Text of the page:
Head-to-head races, known as an X Prix, take place over two days, with each team fielding a male and a female driver who each complete a lap of the race course, including a driver switch incorporated midway. Course designers carefully selected course options, which provide the most challenging, exciting action for online viewers, using existing obstacles and features with elevation changes and jumps, in order to minimize environmental impact.
What’s remarkable about Extreme E is that in its first year, it managed to attract many high-profile names from all kinds of racing. Team owners include Formula 1 luminaries Sir Lewis Hamilton, Nico Rosberg, and Jenson Button; legendary German tuner ABT; and American racing legends Andretti and Chip Ganassi Racing. Each team fielded a male/female driver pairing, with significant driver talent including rally legends Carlos Sainz Sr., Mattias Ekstrom, Sara Price, Jutta Kleinschmidt, Emma Gilmour, Stéphane Sarrazin, and Sebastien Loeb, as well as circuit-racing champions Jamie Chadwick, and Mikaela Åhlin-Kottulinsky.
Racing the Odyssey 21
All teams compete in the Odyssey 21, a fully-electric SUV designed specifically for use in the series’ abnormally tough conditions. A niobium-reinforced steel frame encases the driver and powertrain for incredible safety. Combined power output from the twin electric motors is 550-horsepower, enough to power the Odyssey’s four wheels to 62 mph in 4.5 seconds on any surface. Body panels, using standard bodywork provided by the series, or with designs for team partners like Ganassi’s Hummer EV, is made from natural flax fiber in a bid to be more sustainable, with a 75 per cent reduction in carbon footprint. Top speed of this remarkable SUV is 124 mph off-road, and it can climb gradients of up to 53 degrees.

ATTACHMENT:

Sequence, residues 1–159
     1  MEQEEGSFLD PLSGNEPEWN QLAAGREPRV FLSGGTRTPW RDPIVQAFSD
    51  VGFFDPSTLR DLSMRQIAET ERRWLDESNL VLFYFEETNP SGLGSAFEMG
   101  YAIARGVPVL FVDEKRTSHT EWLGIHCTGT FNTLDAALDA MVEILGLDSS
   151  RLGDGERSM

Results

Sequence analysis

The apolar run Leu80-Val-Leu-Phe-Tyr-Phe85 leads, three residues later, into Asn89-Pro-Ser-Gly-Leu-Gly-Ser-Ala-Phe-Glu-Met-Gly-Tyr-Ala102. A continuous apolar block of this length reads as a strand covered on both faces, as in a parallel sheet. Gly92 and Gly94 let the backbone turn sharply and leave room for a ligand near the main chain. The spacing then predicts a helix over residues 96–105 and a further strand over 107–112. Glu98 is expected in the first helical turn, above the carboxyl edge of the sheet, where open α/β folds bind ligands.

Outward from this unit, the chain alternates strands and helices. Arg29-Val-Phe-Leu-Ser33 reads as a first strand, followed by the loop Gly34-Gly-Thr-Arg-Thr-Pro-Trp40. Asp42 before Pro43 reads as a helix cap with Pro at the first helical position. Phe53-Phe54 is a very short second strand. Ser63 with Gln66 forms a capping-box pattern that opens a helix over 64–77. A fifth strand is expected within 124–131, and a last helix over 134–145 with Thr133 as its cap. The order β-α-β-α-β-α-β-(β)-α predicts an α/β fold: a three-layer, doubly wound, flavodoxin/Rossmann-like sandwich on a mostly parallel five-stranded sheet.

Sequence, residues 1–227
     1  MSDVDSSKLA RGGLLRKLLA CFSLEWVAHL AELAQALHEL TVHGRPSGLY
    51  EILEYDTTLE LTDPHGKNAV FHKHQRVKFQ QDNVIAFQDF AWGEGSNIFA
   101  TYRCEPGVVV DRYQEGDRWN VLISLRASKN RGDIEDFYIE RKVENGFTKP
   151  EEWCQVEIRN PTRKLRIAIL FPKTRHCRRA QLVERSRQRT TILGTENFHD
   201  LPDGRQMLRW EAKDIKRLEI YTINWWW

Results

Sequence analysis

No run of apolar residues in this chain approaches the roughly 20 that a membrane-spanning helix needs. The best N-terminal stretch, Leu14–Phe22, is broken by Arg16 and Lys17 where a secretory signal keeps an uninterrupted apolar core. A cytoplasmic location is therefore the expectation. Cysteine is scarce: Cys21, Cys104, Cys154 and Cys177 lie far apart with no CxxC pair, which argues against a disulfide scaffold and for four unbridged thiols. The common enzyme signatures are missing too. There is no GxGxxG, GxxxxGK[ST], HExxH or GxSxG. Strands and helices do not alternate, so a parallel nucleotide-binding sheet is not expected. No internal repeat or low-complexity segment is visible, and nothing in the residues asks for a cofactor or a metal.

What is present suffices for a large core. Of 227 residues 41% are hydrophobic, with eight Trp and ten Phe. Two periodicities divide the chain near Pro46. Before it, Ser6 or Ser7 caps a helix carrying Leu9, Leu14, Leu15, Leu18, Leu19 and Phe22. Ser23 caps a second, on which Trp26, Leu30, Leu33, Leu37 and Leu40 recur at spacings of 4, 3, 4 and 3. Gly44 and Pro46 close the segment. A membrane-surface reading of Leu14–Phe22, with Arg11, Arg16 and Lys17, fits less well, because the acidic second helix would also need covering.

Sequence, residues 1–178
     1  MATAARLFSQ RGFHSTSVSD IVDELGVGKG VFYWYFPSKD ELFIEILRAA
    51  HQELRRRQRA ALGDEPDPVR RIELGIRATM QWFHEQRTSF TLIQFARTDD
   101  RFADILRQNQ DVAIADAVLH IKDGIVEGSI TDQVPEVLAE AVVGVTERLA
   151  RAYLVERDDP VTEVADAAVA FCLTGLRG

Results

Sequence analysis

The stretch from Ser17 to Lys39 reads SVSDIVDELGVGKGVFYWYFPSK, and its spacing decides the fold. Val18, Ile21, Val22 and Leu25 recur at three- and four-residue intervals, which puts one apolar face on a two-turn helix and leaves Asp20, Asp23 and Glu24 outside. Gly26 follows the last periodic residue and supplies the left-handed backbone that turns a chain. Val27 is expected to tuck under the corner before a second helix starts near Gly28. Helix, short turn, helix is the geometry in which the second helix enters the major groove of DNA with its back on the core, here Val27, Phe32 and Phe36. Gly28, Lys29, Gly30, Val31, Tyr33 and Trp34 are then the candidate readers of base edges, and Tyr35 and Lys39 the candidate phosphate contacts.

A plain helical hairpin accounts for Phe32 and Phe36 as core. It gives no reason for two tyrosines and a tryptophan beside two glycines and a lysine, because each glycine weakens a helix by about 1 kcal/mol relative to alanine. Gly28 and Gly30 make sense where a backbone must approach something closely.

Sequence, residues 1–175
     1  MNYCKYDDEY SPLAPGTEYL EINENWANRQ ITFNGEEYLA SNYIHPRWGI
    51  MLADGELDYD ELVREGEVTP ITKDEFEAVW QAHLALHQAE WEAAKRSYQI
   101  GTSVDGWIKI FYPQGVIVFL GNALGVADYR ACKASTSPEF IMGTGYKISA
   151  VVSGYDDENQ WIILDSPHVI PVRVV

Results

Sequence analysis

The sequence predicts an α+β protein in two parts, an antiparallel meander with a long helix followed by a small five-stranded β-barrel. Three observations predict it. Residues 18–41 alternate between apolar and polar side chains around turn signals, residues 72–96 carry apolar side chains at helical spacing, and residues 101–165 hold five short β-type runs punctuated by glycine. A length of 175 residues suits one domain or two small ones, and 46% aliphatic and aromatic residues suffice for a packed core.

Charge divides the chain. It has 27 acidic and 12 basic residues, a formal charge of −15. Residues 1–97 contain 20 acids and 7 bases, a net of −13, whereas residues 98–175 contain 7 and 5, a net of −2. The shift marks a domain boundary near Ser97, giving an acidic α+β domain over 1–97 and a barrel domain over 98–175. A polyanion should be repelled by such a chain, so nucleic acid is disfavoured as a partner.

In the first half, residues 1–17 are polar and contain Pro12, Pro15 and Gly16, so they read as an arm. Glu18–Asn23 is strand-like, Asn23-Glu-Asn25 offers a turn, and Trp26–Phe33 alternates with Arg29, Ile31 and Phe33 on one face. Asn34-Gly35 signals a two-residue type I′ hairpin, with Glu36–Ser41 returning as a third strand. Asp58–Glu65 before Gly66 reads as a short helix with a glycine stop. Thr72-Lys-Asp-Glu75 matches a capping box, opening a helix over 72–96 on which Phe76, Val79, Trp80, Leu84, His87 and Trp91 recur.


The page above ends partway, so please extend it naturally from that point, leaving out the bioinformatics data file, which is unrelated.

The Odyssey 21’s batteries deserve specific mention. Specially-designed and developed by F1 supplier Williams Advanced Engineering, they are designed to withstand extreme conditions, and have a capacity of 54 kWh. Packed with over 3,600 cells, and using an 800-volt system, they are extremely efficient and light thanks to a lightweight carbon-fiber enclosure despite being protected against dust, water, and sand. Recharging during events is provided by custom AFC Energy infrastructure that uses solar energy to electrolyze green hydrogen stored in on-site fuel cells, which provide on-demand power for the teams.
Future of Electric Motorsports
As a sport, Extreme E is incredibly fun to watch. While the scream of internal-combustion engines is missing, all of the other elements that make racing entertaining are present and accounted for: wheel-to-wheel action, great driver personalities, mechanical (and electronic) calamity, and real drama. The spectacular landscapes through which the series races make it totally unique, and the streaming broadcasts are beautifully and professionally produced. In advance of the 2023 season, you can re-watch all of the broadcasts on the Extreme E website, and learn more about the locations, drivers and teams.